Perhaps no other figure is as embedded into western religious faith and lore as this solitary figure. The prophet Elijah appears prominently in the Hebrew Bible, the New Testament, the Talmud, Mishnah and the Qur’an. Stories of Elijah appear in the Manual of Discipline in the Dead Sea Scrolls. Featured in multiple Jewish traditions, the Book of Malachi predicts the return of Elijah prior to the return of the Messiah. Elijah is considered a Prophet Saint and recognized on liturgical calendars of the Lutheran Church, Byzantine Eastern Catholic Churches, Roman Catholics Church, The Catholic Order of Carmelites, and the Eastern Orthodox Church.
He appears in The Doctrine and Covenants Section of the Church of Jesus Christ of Latter Day Saints. The Baha’i faith recognizes Elijah as a lesser prophet, but a precursor to Bab, the founder of the faith. Slavic tribes in Eastern Europe foretold of a God of storms, Elijah the Thunderer who drove a chariot and directed rain and snow. Even Raelists, who believe in extra-terrestrial life as the source of religion, recognize Elijah among their prophets on earth.
Despite his near universal appearance in western religion, Elijah is a character shrouded in mystery. He appears in the Old Testament as a prophet from the ninth century BC. Despite the biblical tradition of identifying the lineage of major biblical characters, the Prophet Elijah appears on the scene with no information concerning his family background. He is referred to as a “Tishbite,” or in the times of the day, “one coming from town of Tishbe.” However, there are no records, nor any reference to a town or village called Tishbe or Tish. To further obscure his background, most of his time on earth was spent in isolation, wandering the desert.
In various versions of his existence on earth he was able to perform miracles; to converse directly with God, raise people from the dead, produce abundant meals from scraps of bread, rain fire from the sky, end famines, and ascend into heaven. Significantly, he is also one of only two people in the bible who depart earth without dying. Elijah was recorded to have entered heaven in a whirlwind, riding on a chariot and horses afire. In Christian teachings, Elijah appeared again on the Mount of Transfigurations with Moses as they discussed Jesus’ approaching death.
There is also a religiously controversial concept known as the “Revelation of Elijah.” Scholars disagree on the true meaning. Some believe it is the concept that Elijah will return prior to the Messiah as predicted in the Book of Malachi. Others believe it means the reappearance of Elijah prior to the events predicted in the Book of Revelation. Some believe that through prayer, they can reach a mystical state and Elijah will appear to them, hence the revelation of Elijah.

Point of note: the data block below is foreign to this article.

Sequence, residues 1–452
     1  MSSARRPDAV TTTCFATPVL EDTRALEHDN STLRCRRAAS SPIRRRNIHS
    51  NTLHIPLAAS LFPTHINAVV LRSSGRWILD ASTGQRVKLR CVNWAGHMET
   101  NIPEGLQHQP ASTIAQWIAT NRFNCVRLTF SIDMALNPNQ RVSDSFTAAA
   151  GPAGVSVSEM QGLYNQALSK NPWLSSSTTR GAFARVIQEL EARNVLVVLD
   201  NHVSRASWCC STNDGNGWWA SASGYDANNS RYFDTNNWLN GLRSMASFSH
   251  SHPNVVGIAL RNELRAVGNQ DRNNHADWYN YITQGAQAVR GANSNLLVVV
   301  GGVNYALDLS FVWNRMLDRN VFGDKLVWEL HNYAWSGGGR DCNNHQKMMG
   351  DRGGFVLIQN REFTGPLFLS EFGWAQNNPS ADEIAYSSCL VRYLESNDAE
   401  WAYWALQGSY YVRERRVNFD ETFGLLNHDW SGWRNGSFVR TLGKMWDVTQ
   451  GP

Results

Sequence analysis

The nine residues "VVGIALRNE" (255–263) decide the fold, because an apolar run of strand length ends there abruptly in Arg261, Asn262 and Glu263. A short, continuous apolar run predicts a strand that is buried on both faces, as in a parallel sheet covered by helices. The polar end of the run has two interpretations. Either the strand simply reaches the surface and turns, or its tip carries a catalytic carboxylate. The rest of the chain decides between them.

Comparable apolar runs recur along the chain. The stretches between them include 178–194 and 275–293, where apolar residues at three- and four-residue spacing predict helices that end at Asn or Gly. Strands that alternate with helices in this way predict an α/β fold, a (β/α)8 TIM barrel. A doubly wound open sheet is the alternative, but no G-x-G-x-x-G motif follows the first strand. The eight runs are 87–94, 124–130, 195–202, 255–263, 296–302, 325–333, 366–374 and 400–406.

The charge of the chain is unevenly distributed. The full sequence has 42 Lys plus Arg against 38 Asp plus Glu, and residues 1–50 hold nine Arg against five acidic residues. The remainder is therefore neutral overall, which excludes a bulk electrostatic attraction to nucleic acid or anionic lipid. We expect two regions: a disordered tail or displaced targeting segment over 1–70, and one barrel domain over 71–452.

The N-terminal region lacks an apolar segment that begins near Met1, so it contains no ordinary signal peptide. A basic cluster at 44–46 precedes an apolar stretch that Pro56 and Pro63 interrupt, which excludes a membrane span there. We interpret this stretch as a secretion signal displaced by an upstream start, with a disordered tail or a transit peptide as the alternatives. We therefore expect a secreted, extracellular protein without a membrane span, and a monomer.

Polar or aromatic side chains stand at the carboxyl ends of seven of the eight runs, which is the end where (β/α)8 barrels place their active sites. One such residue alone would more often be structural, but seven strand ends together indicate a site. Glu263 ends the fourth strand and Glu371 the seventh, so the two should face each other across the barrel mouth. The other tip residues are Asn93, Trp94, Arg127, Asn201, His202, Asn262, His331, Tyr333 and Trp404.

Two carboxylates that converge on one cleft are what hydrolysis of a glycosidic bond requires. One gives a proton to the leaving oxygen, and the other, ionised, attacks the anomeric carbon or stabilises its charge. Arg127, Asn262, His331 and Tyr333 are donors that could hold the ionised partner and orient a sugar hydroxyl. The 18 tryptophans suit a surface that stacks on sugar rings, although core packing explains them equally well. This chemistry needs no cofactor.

Throughout his time on earth, Elijah used coins as symbols to recognize appropriate behavior and as a reward for positive interactions. Elijah’s Coins had magical powers for the bearer and had life changing abilities.
In one story Elijah meets two brothers, one is wealthy and the other is quite poor. The wealthy brother rebukes Elijah, while the poverty stricken brother takes Elijah in and gives him food and shelter. Elijah gives the poor man several coins and asks him to count them. He begins counting and counting and counting. The coins multiply and the man becomes miraculously wealthy. The man was rewarded for his kindness to a stranger.
In another story Elijah gives two coins to a man and he as well becomes wealthy beyond his dreams. Several months later Elijah returns and takes back the two coins, which in turn causes the man to lose all of his wealth. The reason Elijah took the coins back was that the man did not provide charity despite the great wealth he had accumulated. In a third story Elijah asks a young man whether he would rather have money, wisdom or a beautiful wife. The young man chooses wealth and Elijah gives him a coin, which the man turns into a great fortune. The three choices were given to the man because he had cared for his father’s garden and made it more prosperous. Since he had given of his time and energies to improve his father’s business, Elijah rewarded the son.
All of the Elijah “coin” stories have a common theme. A coin was given which resulted in good fortune or success. Bestowing the coin in each case was itself an act of kindness and rewarded acts of kindness by each recipient. Thus, evoking kindness and evincing the “give to get” philosophy. The coin, however, comes with obligations. If one does not behave as Elijah wished, the good fortune can be whisked away along with the coin.
Although the coins may have been largely symbolic, they represented both a gift from Elijah and a promise by the recipient. Perhaps the significance of Elijah’s Coin was as simple as “each gift bears a promise.” If the recipient doesn’t fulfill the promise, the gift is discredited. The promise could be to pay forward the kindness or give to others who deserve. Remember the next time you are fortunate enough to receive a gift, you also have a promise to keep.